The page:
Film Reviews

Biutiful: Javier Bardem and miserabilist humanism

Biutiful, Alejandro González Iñárritu's first film since he split from screenwriter Guillermo Arriaga, with whom he created the fractured, parceled-out, time-toggling — and increasingly globe-hopping, multilingual, and portentous — trilogy Amores Perros, 21 Grams, and Babel, stays in one place (Barcelona) and follows one main character (Javier Bardem's Uxbal) in a linear story line. Though its structure might be whittled down in comparison with the earlier works, Biutiful, which Iñárritu wrote with first-timers Armando Bo and Nicolás Giacobone, is even more morbidly obese than Babel in terms of soggy ideas, elephantine with miserabilist humanism and redemption jibber-jabber. Beyond dying of prostate cancer — a situation that calls for several scenes of Bardem peeing blood in his pants before affixing an adult diaper — Uxbal must contend with a bipolar wife who's sleeping with his brother; serve as the black-market point man for Senegalese dope peddlers and two venal Chinese sweatshop overseers (who also happen to be d/l lovers); and communicate with the dead — a burdensome gift that comes in handy after a horrible incident at the sweatshop. Through this relentless, manipulative muck, Uxbal tries to be a stable, loving parent to his two tykes, especially after Mom gives one of them a shiner. For all the hand-wringing hooey, Iñárritu says nothing more complex than this: Father feels worst.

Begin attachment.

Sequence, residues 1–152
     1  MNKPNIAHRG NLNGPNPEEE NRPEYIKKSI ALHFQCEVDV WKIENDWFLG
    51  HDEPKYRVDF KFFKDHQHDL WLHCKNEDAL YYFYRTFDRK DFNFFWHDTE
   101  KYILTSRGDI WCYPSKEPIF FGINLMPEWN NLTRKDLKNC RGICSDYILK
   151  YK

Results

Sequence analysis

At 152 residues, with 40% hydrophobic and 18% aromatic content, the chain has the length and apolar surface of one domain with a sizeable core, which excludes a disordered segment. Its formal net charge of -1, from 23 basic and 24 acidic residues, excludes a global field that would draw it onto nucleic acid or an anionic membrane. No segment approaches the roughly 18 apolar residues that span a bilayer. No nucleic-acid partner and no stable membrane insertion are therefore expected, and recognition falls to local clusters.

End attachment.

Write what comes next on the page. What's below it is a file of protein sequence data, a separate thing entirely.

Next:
KEEP MIAMI NEW TIMES FREE... Since we started Miami New Times, it has been defined as the free, independent voice of Miami, and we'd like to keep it that way. With local media under siege, it's more important than ever for us to rally support behind funding our local journalism. You can help by participating in our "I Support" program, allowing us to keep offering readers access to our incisive coverage of local news, food and culture with no paywalls.
Melissa Anderson